There is hope and we can achieve big things in a generous city - Ewan Aitken

Lockdown showed us that, even during the hardest times, there can be hope. PIC: Contribtued.Lockdown showed us that, even during the hardest times, there can be hope. PIC: Contribtued.
Lockdown showed us that, even during the hardest times, there can be hope. PIC: Contribtued.
These are turbulent times. I never thought I would see this scale of war in Europe in my lifetime. I never thought I would see three prime ministers in two months and watch one of them trash the economy so spectacularly, all in the name of an ideology which ironically is predicated on individualism but impacts everyone collectively.

I never thought I would see the cost of food rise by as much as 40% and energy prices more than double in less than twelve months. I never thought I’d have to hear my Cyrenians colleagues say demand for emergency food is going up by more than 50% but our supply of food is dropping by similar amounts. I never thought I would see City of Edinburgh council having £1.2m of school dinner debts to write off – not from money lending or gambling but just feeding children. If we thought lockdown was hard, these next 18 months are in many ways, going to be even harder.

Like the pandemic, they’re going to be tough on us all. Even the middle class are feeling the squeeze, but for some, it will be almost impossible to cope, as the little they have has to stretch further and further and still isn’t enough to meet their needs. Recent research shows 14 million people are now experiencing in-work poverty; what they earn in employment isn’t enough to afford the basics of life; food, a warm safe home, and the ability to stay clean and clothe themselves adequately for our climate. The majority of those in poverty are in work, and the average person claiming benefits has £57 less than they need to afford the most basic lifestyle.

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How do we find hope in such difficult times? It’s all a bit overwhelming, and hard to know where to start. But what lockdown taught us is that by acting locally and caring for our neighbours, we can achieve big things in difficult times.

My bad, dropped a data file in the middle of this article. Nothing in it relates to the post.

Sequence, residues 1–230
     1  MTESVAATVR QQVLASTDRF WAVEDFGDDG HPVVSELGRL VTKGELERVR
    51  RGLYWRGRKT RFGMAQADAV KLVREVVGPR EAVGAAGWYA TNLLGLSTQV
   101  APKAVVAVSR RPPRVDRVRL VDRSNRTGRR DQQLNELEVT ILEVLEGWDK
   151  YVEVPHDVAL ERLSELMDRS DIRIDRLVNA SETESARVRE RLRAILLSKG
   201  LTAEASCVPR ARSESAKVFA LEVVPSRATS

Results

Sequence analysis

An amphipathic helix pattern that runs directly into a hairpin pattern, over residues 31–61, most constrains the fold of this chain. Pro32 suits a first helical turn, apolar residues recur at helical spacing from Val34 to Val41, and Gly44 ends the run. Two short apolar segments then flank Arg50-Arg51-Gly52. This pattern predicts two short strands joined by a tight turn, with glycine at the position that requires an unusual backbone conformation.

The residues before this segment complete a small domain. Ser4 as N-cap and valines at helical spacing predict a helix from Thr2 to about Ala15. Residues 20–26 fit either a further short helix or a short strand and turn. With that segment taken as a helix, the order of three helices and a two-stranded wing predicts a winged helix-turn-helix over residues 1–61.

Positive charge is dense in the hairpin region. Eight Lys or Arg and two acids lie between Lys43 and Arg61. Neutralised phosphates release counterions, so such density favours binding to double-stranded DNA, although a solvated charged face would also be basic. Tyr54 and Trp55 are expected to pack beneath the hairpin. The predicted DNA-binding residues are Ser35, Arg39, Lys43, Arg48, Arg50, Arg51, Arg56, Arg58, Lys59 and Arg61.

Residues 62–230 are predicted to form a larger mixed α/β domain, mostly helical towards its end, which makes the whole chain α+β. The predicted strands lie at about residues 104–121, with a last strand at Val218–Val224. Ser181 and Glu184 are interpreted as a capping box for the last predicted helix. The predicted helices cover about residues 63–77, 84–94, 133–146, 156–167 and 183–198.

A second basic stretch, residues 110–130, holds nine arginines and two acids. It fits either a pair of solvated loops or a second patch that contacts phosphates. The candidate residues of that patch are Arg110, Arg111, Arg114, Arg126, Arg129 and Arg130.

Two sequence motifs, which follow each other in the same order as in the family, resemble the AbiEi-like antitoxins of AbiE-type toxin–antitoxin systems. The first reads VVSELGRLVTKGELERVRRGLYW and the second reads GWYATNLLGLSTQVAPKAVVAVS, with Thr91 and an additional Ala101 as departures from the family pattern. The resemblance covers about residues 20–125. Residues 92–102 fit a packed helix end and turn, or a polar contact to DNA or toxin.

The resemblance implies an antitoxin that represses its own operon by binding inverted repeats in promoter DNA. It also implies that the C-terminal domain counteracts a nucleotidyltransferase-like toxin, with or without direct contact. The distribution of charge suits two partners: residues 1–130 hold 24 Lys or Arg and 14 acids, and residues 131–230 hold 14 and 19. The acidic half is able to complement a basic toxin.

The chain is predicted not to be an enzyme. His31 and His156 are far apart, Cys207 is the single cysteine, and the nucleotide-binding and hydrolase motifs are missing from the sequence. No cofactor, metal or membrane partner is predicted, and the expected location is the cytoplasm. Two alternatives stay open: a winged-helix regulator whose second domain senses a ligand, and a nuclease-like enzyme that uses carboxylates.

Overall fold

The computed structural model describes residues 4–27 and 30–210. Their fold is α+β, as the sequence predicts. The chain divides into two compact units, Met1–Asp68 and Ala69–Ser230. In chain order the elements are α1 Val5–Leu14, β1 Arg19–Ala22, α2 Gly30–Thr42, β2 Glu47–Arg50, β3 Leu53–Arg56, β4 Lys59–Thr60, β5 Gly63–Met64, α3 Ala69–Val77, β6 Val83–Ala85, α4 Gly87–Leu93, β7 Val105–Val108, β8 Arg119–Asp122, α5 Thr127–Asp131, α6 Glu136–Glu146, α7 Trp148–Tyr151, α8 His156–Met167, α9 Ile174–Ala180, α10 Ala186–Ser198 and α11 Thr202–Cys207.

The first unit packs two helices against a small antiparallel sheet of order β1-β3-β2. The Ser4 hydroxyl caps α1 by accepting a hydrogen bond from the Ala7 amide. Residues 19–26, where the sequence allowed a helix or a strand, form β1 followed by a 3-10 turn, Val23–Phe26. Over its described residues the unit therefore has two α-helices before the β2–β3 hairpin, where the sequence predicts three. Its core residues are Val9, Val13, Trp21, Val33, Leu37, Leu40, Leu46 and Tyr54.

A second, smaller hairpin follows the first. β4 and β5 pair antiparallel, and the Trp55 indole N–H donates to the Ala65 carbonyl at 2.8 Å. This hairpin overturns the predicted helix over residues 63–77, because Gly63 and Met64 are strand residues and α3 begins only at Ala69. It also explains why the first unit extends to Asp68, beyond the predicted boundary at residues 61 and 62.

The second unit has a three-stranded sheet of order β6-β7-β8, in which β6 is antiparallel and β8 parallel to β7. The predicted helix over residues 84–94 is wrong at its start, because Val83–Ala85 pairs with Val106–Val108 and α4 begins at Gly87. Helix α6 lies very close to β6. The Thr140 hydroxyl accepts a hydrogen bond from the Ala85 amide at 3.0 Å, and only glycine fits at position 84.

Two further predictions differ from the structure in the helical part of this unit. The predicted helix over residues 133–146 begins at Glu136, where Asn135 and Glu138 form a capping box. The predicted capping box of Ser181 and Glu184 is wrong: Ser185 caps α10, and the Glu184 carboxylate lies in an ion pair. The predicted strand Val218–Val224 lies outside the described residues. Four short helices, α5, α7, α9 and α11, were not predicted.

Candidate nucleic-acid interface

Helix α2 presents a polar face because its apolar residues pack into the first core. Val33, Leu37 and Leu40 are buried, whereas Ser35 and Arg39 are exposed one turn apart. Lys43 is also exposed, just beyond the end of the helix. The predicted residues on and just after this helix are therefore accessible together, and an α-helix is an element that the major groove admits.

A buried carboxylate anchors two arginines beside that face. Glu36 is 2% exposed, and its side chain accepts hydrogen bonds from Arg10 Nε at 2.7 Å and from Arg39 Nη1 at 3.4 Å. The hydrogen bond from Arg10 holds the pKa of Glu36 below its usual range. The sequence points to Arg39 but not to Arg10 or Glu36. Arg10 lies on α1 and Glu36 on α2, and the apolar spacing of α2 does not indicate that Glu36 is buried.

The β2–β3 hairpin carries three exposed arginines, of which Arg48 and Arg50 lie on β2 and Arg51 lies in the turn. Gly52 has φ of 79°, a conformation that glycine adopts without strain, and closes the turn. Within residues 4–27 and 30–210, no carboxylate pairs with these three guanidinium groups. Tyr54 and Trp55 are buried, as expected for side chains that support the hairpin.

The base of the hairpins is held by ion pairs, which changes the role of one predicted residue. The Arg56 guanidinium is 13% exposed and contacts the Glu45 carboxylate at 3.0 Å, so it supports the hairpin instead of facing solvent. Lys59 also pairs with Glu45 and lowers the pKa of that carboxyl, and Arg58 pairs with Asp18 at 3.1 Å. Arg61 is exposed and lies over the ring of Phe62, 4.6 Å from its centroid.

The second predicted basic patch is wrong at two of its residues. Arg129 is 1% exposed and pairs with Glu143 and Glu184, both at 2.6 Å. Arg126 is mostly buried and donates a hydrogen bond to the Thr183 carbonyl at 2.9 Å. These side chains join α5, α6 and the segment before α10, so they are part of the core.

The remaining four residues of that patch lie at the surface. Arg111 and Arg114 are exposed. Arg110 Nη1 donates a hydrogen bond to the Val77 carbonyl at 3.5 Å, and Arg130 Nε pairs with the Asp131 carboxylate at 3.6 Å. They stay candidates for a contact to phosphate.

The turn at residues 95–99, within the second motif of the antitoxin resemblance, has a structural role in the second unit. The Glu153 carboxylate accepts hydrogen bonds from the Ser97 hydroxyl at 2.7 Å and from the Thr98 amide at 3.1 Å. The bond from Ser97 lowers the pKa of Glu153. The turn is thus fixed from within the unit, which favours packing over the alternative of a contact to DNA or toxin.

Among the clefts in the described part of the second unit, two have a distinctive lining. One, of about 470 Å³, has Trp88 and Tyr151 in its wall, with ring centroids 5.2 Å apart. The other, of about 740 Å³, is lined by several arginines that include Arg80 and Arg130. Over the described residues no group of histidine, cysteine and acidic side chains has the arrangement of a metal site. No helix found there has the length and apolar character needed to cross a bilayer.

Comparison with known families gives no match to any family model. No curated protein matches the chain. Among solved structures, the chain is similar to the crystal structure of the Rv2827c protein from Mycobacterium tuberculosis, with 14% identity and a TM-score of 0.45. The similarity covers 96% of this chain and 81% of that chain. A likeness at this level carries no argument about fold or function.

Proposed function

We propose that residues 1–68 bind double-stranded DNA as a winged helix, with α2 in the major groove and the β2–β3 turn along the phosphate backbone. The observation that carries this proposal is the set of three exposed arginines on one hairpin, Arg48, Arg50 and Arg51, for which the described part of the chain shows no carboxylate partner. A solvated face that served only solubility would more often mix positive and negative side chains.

We are all affected by this, but some of us are in a better position to weather the storm than others. Everyone has received £400 from the UK Government to reduce their energy bill and some, like our Lord Provost Cllr. Robert Aldridge, know they need this support less than others, so are choosing to support the Keep Edinburgh Warm campaign by donating their £400.

In the six months to September, Turn2Us says applications for support increased by 57%. They have been giving out around £30k a week, at an average of £900 per grant– 150% more than last year. Donating to organisations who have infrastructure already in place to distribute emergency grants, and are already looped in with referrals, means there’s no extra cost involved in distributing emergency donations like this. So in the short term, donating to this campaign will make sure the money will become a direct cash injection for people who are struggling.

It’s going to be a difficult winter, and it will take us working together as a community to help everyone get through it. Throughout the coming months, we at Cyrenians, as well as others across the sector, will be ramping up support, and both grants and person-to-person support is going to be invaluable. We can't stop the turmoil, but those of us who can still scrape by can do a lot to help others survive it. A little help can go a long way in a generous city.